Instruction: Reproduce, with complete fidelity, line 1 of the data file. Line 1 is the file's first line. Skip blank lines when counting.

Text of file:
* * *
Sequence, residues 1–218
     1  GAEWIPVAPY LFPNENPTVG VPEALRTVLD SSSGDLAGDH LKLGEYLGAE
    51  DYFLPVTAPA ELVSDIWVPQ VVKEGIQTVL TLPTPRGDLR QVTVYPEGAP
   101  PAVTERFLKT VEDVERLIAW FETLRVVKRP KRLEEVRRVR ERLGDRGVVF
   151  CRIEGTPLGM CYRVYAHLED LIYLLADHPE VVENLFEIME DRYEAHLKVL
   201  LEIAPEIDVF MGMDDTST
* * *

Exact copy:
Sequence, residues 1–218